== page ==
Additionally, the last decade has finally demonstrated what the ancient Egyptians and Romans knew about the health and nutritional benefits but were unable to measure and evaluate. In that sense, it has taken us more than 2000 years to support a tradition that has disappeared and long been overlooked. Recent health and nutrition science publications have revealed the amazing health benefits of microgreens as they are incredibly nutrient dense (measured to have more than 40 times higher than their mature counterparts), bioavailability of rich nutrients, and consist of a wide variety of nutrients all in a small bite. 

The Rise of the Microgreen

Cultivating and Consuming microgreens gained momentum in the late 20th century and early 21st century, particularly in the culinary and health food industries. While it's difficult to pinpoint an exact origin, several factors contributed to the rise of the microgreen.

1. California Cuisine and Gourmet Food Trends

California Cuisine, popularized in the 1970s and 1980s, emphasized fresh, locally sourced ingredients and innovative culinary techniques. Chefs in California and other culinary hubs began experimenting with a wide variety of fresh produce, including microgreens, to enhance flavors and presentation. 

2. Health and Nutrition Awareness

With increasing awareness of the health benefits of fresh fruits and vegetables, there was a growing interest in incorporating nutrient-dense foods into diets. Microgreens, harvested at an early stage of growth when they are packed with nutrients, appealed to health-conscious consumers.

3. Urban Agriculture and Home Gardening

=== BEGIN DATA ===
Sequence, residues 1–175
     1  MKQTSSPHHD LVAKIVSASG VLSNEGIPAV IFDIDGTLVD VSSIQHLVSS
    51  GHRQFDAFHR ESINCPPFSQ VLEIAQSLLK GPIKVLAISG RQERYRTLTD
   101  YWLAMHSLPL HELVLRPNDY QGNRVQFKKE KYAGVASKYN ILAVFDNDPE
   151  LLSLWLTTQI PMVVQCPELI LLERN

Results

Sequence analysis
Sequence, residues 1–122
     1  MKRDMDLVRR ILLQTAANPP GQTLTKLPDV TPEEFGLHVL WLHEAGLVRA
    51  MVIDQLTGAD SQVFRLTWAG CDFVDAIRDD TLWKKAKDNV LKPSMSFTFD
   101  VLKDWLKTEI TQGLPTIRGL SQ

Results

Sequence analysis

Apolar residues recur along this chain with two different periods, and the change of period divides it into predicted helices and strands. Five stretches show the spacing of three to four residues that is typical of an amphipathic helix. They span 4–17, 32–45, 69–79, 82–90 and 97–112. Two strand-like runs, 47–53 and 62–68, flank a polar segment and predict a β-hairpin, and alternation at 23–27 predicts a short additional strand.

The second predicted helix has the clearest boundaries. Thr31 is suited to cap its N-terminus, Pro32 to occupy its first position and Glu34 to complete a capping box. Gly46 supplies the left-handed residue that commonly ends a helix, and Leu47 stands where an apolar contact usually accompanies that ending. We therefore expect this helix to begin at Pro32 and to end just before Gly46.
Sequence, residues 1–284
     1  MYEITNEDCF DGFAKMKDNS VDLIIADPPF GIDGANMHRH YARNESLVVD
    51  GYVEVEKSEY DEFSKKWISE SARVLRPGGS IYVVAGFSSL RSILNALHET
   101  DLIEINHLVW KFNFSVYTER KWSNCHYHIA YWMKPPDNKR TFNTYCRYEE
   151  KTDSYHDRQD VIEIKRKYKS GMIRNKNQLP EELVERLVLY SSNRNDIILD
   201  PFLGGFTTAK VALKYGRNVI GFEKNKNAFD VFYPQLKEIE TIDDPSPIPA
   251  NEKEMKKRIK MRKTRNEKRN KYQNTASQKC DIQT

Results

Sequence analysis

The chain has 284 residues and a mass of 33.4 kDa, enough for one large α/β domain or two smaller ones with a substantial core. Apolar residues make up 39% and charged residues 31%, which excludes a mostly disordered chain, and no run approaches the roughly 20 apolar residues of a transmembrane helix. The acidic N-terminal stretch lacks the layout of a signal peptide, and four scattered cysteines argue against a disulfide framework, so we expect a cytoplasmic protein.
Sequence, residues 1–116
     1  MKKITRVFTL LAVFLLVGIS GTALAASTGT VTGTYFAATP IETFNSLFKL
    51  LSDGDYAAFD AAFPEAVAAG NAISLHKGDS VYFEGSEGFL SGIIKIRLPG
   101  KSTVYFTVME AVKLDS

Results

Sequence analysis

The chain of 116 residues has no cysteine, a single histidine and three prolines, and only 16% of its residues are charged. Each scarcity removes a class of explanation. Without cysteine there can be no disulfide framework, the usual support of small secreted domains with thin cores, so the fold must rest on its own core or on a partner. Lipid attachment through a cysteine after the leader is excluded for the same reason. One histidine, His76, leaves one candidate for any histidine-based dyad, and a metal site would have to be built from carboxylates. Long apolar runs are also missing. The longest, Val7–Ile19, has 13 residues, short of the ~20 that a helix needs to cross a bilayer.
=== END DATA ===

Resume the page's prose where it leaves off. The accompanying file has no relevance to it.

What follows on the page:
The rise of urban agriculture and home gardening movements allowed people to grow their own food, even in limited spaces. Microgreens, which can be easily grown indoors in small containers, became a popular choice for home gardeners looking to add fresh greens to their meals.

4. Restaurant Trends and Food Media

As chefs began using microgreens to add visual appeal and flavor to their dishes, this trend gained attention in the culinary world. Food media, including cooking shows, magazines, and websites, showcased the use of microgreens in recipes, further popularizing the trend among home cooks and food enthusiasts.

5. Availability of Seeds and Growing Supplies 

The availability of a wide variety of seeds and growing supplies for microgreens made it easier for individuals and businesses to start growing their own microgreens. This accessibility contributed to the widespread adoption of microgreens in both commercial kitchens and home settings.

This is an ever growing trend in the Netherlands and Europe as many people are now interested in where to buy microgreens, the health benefits, and how they can start growing today.

3 Key Differences

1. Plant Variety